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Reply to "What's the benefits/risks with keeping a player back a school year?"

3and2Fastball posted:
2019Dad posted:
3and2Fastball posted:

A small sample and extremely anecdotal, but, the vast majority of kids from my son's "age group" in LL who are now Sophomores (my kid is a Freshman) are extremely mediocre players now.  They benefited from being bigger at ages 10-12 and seemingly bought into being told how good they were.  

Keep in mind we aren't in a Baseball hotbed and kids don't have to work hard to get spots on Varsity.  But being on the May through Summer side of the May 1st birthday cutoff definitely did not benefit most of the kids who in 6th Grade were competing against 5th graders.

Right. But it sounds like they benefited from the relative age effect when they were on the older side (say, a May birthday in little league) but now they are suffering from the relative age effect because they are on the younger side (i.e., their parents didn't hold them back, so they are currently 15 in March of sophomore year). In other words, they would be less mediocre as freshmen than they are as sophomores.

Perhaps.  They'd still be mediocre, but would have an extra year to make up for it.  Problem being that the work ethic might not be there.  They've gotten away with being physically bigger & stronger than their competition.   Would that continue if they were on the Freshman team?  To a degree, yes.   Which might not help them moving forwards.

Every athlete at some point or some level reaches that "light bulb" moment of realizing they need to work much much harder.  Once you are in high school, time is really slipping away when it comes to opportunities to advance.  Delaying that "light bulb" moment might not help.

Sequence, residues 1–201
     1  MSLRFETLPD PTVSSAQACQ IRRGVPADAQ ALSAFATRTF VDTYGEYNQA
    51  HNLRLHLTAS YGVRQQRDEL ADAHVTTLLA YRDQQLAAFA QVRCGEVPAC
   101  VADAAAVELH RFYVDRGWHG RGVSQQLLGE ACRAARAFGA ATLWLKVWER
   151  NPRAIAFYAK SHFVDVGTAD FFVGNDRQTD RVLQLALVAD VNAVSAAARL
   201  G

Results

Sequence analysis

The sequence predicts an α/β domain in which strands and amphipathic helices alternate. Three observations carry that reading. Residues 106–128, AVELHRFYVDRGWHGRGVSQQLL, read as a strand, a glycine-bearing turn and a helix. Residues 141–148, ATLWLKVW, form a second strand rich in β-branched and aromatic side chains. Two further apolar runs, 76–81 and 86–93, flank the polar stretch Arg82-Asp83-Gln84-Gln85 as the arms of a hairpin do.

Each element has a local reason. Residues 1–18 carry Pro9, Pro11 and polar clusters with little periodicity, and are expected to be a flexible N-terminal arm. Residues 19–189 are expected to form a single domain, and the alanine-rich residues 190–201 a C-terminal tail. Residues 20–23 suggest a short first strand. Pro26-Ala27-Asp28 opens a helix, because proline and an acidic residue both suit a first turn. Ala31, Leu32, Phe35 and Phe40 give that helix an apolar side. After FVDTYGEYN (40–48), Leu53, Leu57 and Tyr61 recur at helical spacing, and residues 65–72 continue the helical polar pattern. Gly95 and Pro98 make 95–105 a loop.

No one is saying that a mediocre athlete becomes great by being held back a year. But it's crazy to think that the kids held back aren't better for their grade than they otherwise would be. That's the key: "than they otherwise would be, for their grade." The relative age effect isn't a made up thing.

Here's a real world example for you. Here's my son's data for pitching velo:

8th grade Spring: topped at 76 (weighted 125-130 lbs)

9th grade Spring: topped at 81 (weighed 145-150)

10th grade Spring: topped at 86 (weighed 165-ish)

11th grade Spring: topped at 90 (weighs 177)

If he were held back a year, he would still be eligible to play all four years under California rules. If he had been held back it would be:

8th grade Spring: topped at 81

9th grade Spring: topped at 86

10th grade Spring: topped at 90

We never thought of holding him back. It wasn't and isn't the right thing for him or us as a family. It doesn't make sense for him academically.

But it's crazy to think there's not an athletic advantage to doing so. The pitching velo thing is easy to see, but I could show the same thing for exit velo, running speed, or any athletic endeavor, really. Ages 14-19 are prime years for growing stronger, getting faster, etc. The idea that the vast majority of athletes who are working at their sports aren't better at 15 than they were at 14, or better at 16 than they were at 15, is nonsense. Sure, there is a risk that the kid who is held back still isn't good enough, or that he doesn't work hard, or there is an anecdote about a kid who stopped growing early and never got any better, yadda, yadda, yadda . . . the bottom line is that the relative age effect is a real thing. I have no problem with people who follow the state rules, and as long as the rules are being followed it's fair to my mind . . . but I think it's fantastical to pretend there is not an athletic advantage. Heck, that's why people do it.